Entitled To Indemnification by EveryAvenue

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									        Three Indemnification Terms a Buyer Should Never Accept (Again)


        By Christian A. Atwood and Stephen M. L. Cohen
        An edited version of this article was published in Buyouts magazine on April 13, 2009.


        You know the drill. You’ve spent countless hours going back-and-forth on the purchase agreement, the
        lion’s share of which seem to have been spent haggling over the indemnification terms. At the eleventh
        hour, with the finish line in sight, you decide to engage in some amount of “horse trading” to get the deal
        done. Unfortunately, in this situation buyers often agree to indemnification terms that they should not –
        and should never have to – accept. The list of no-no’s is considerable, but here are the top three.

        Limitations on Consequential Damages
        A term commonly found in seller first drafts, and a mainstay of purchase agreements served up in any
        well run auction, is a provision such as the following:

            “No party will have any indemnification liability for consequential, special, incidental, indirect, punitive,
            exemplary, or other non-direct damages (such as diminution of value, lost profits, income, revenues
            or business opportunities, or reputational harm), regardless of whether the same were foreseeable.”

        A seller’s attorney will often attempt to justify such a provision by saying: “It’s not that we’re unwilling to
        indemnify you – subject to the basket, cap, minimum claim size, etc. – for losses arising out of breaches
        of our reps and warranties. It’s just that we want to know that we’re on the hook only for actual damages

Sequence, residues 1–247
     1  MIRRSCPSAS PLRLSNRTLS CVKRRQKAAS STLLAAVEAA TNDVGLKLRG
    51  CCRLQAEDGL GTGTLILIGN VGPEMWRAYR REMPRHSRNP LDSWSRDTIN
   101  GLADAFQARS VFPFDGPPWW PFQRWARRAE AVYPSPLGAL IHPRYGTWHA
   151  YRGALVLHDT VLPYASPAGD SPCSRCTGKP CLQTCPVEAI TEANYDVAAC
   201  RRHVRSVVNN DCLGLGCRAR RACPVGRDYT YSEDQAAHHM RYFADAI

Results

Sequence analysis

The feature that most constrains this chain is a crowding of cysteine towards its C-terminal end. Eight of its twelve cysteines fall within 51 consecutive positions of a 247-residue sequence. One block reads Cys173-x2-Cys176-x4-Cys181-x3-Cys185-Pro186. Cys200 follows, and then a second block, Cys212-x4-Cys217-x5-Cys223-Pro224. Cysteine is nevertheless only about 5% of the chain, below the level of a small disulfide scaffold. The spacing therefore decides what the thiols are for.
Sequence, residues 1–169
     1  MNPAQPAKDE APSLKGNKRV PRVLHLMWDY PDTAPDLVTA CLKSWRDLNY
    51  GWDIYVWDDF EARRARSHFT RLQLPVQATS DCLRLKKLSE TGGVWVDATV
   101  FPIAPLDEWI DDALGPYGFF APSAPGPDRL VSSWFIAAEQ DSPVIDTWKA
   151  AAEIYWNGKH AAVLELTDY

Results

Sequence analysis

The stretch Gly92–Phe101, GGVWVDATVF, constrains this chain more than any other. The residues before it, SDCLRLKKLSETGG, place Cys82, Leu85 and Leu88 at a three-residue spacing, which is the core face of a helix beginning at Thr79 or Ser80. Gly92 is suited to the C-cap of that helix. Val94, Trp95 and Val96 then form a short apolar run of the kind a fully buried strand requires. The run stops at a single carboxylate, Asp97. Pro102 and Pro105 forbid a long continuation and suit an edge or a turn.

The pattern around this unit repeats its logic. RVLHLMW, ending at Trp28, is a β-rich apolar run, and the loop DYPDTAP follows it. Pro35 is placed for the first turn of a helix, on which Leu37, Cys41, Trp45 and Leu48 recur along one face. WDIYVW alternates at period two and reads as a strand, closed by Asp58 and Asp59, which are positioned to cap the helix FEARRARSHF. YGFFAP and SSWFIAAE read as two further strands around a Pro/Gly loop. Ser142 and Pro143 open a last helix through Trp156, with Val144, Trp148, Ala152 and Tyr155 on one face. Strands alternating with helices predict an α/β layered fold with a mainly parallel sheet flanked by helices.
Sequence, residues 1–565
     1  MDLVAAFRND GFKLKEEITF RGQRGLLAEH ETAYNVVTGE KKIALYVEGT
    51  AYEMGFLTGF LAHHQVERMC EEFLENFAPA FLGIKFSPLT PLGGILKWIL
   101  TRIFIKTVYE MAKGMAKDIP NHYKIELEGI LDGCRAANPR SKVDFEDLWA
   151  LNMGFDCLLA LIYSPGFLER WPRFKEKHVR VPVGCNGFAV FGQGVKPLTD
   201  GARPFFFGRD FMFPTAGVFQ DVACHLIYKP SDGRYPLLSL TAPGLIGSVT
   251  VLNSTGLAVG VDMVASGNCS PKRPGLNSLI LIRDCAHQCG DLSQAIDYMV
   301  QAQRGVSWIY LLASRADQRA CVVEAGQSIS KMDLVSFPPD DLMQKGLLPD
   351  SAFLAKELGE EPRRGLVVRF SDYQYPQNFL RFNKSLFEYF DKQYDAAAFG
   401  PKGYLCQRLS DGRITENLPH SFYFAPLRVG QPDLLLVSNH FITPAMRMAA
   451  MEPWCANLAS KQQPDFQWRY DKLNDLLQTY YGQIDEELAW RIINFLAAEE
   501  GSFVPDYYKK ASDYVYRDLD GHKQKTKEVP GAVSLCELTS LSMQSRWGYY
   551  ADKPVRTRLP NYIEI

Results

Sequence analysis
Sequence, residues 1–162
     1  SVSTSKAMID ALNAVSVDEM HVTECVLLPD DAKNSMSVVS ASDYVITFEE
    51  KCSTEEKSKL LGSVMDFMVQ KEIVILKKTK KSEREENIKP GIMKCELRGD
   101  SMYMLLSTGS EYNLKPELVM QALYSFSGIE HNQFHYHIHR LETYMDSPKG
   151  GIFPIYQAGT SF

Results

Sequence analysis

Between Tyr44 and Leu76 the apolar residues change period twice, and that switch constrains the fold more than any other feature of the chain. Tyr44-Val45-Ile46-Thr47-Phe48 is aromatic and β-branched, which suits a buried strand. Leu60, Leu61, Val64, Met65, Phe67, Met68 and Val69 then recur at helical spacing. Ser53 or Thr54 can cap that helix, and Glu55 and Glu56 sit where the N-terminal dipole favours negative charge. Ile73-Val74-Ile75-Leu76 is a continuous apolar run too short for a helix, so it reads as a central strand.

you suffer as a result of our breach.” The problem with this agreement, although it sounds reasonable, is
        that it’s specious. Subject to any agreed upon cap on damages, buyer should be entitled to
        indemnification for all damages – of whatever stripe – that it may incur as a result of seller’s breach.

        Consider the following example: In the purchase agreement relating to the acquisition of a manufacturing
        company, seller gives a “standard” set of reps and warranties, including that the target has all required
        permits. After the closing, a “routine” audit of the target’s facilities by a local inspector reveals that a
        necessary permit has lapsed. The target’s factory is ordered closed, its workers furloughed, and the
        business shut down until the permit can be obtained – which winds up taking the better part of a fortnight.

        Unquestionably, seller breached the rep in the purchase agreement that the target had all required
        permits. The question, however, is what are buyer’s damages and to what extent is buyer entitled to
        indemnification? Clearly, buyer should be indemnified and entitled to reimbursement for the cost of
        renewing the lapsed permit. But what about lost productivity? There are very real costs that stem from
        having to idle a manufacturing operation for two weeks: orders that could not be fulfilled, orders that could
        not be accepted, lost revenues associated with each, and so on.

        In such a circumstance, buyer will have suffered real, measurable damages. Had buyer agreed to a
        consequential damages limitation such as the one described above, however, the “loss” for which it may
        be entitled to indemnification could be limited to the cost of renewing the permit – an unhappy situation
        and one bound to result in questions from disgruntled limited partners or shareholders. The only